"Dia de los Muertos" is upon us..one of my favorite Latin holidays to celebrate
(Article originally posted on www.latinbusinesstoday.com where I live and work as Director of Community Relations)
The makeup of “La Catrina” has become associated with images of Día de los Muertos, or Day of the Dead. Printmaker, illustrator and lithographer, Jose Guadalupe Posada is credited with creating the original look around 1910-1913
The Mexican holiday, Dia de Los Muertos, is a time to honor the dead. It is a celebration of both life and death because traditions include not only happy festivals and parades to celebrate, but family gatherings at cemeteries to pray and show respect for their deceased loved ones. Typically lasting from October 31st to November 2nd, it has become widely celebrated outside of traditional Latin countries.
The holiday has many traditions, one being the building of a private alter called an ofrenda to pay homage to the deceased. These altars are covered with candles, and flowers such as traditional marigolds, as well as images of the deceased, and some of their favorite foods. Visitors can leave gifts at the altars to pay their respects. Part of the tradition during Dia de Los Muertos is to tidy up the graveyard site around the deceased's headstone and to make sure to leave behind the before mentioned marigolds for decor. Graveyards contrary to what we typically think of, actually take on a festive atmosphere celebrating both life and death, turning the event into a social gathering.
An "ofrenda" with photos of the deceased and some of their favorite foods like pan dulce and enchiladas
The Mexican marigold is synonymous with Day of the Dead
Mexicans believe that the Mexican marigold guides their loved one’s soul back to the world of the living, Because it typically flowers during the rainy season which occurs before Day of the Dead, it has now become associated with the festivities of this holiday.
Sugar skulls are also part of the tradition of Day of the Dead
Sugar skulls are also synonymous with Day of the Dead. Sugar skulls are either bought or made by families to add to their altar, and the name of the deceased is typically written in icing on the forehead. In addition to the traditional sugar versions, you can also get chocolate and biscuit ‘sugar skulls’ during this period.
Beautifully decorated cookies with the image of "La Catarina"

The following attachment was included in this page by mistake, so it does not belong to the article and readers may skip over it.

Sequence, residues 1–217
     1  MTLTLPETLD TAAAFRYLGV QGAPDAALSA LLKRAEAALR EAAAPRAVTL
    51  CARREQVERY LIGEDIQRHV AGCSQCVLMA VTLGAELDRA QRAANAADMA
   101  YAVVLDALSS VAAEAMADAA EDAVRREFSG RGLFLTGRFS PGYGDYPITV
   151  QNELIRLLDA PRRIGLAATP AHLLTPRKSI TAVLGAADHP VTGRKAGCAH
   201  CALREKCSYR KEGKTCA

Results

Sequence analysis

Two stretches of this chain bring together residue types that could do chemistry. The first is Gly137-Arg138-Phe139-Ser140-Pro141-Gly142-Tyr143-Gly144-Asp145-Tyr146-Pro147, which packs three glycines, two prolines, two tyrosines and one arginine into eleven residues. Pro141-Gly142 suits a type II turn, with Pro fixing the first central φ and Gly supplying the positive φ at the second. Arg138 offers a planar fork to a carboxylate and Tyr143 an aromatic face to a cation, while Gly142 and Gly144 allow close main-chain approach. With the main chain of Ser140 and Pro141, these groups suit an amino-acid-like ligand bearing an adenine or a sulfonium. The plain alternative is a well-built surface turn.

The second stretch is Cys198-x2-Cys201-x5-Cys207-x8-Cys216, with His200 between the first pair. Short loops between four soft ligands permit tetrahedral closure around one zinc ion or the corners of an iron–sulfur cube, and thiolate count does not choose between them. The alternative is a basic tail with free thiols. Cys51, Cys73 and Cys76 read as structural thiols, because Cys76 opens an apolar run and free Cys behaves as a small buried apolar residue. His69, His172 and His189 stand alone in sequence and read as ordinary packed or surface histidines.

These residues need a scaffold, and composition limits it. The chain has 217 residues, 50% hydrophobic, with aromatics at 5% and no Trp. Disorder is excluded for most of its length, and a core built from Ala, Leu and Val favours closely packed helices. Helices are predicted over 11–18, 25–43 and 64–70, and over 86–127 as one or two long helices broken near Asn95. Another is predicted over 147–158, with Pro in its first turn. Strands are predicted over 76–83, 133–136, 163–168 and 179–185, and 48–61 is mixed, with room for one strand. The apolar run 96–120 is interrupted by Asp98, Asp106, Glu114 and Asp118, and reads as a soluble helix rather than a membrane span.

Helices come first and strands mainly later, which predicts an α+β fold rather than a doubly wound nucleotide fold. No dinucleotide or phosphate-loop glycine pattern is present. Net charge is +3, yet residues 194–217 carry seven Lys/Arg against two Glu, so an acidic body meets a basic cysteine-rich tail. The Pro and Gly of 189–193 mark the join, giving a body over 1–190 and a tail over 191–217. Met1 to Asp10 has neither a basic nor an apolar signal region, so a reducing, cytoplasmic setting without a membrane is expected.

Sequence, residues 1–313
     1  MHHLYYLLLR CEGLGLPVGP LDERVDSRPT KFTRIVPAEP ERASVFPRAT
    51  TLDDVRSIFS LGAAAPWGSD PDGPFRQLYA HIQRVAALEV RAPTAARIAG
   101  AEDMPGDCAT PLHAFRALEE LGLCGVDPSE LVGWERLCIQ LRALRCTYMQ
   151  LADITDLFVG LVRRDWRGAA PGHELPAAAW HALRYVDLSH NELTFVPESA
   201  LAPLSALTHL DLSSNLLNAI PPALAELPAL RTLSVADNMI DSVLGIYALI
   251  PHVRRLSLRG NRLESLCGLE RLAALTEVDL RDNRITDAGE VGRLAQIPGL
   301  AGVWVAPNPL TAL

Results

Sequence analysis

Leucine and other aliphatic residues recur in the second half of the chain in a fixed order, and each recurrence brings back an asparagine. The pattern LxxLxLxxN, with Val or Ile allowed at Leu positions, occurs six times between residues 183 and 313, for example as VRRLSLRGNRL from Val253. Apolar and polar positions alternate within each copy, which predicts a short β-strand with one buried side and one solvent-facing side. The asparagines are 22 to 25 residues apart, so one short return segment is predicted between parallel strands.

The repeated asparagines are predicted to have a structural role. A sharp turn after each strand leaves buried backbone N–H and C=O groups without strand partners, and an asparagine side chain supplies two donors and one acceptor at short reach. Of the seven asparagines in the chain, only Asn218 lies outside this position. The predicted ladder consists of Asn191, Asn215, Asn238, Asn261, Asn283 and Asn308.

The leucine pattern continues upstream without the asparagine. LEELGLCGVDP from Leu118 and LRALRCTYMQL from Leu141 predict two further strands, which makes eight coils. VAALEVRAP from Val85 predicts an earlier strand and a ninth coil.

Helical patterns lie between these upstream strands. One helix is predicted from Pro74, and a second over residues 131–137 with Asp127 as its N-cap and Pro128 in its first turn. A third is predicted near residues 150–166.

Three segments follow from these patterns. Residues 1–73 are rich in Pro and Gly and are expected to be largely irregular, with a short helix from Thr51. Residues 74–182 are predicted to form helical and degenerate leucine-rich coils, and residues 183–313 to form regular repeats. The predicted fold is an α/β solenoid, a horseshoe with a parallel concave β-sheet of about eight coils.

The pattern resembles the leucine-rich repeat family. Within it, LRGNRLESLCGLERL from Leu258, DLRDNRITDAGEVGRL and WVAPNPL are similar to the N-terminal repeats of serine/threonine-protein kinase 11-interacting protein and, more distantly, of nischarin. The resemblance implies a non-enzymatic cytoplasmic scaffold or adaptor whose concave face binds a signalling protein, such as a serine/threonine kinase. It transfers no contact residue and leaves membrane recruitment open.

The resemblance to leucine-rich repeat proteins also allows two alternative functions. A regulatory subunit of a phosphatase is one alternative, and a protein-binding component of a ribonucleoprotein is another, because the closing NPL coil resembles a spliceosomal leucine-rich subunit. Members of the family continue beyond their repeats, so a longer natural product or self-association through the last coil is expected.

Another food associated with the holiday are tamales. My family loves making them by the dozens. It's such a time consuming tradition that by nature it becomes a family gathering to enjoy the process and chat.
Because you might work up quite a hunger and thirst traveling from the spirit world to the world of the living, food is such a big part of the holiday. Mexicans' believe this so much that is why food is placed on the ofrenda.
Calabaza en tacha is a traditional sweet associated with the holiday. It is basically candied pumpkin, cooked in brown sugar cane syrup.
Pan de Muerto also called dead bread is the traditional bread of the holiday
Pan de Muerto is a sweet roll traditionally baked in Mexico leading up to the actual Day of the Dead. It is a sweetened soft bread often decorated with bone like shapes and eaten on the holiday or placed at the ofrenda.
And one of the beverages closely associated with the holiday is Mexican hot chocolate. It is commonly enjoyed at the celebration and is a great way to warm up during cold November nights!
Day of the Dead is actually a very festive holiday as it reminds us to share amusing anecdotes and memories about the deceased. This stems from the idea that the deceased would rather not be remembered somberly, but cheerfully. This is something that is not common in other countries because death is such a highly sensitive subject. It is much more widely recognized in Mexican and other Latin cultures because there is such a history of oral tradition in our cultures; it is how we tend to share our culture and traditions.
So during this holiday, make sure to remember some of the people who are important to you and who have brought you joy, who have now passed from this world on to the next and enjoy the memories that they gave you. It's what this holiday is all about!
My father enjoying a celebration in Mexico with some Day of the Dead revelers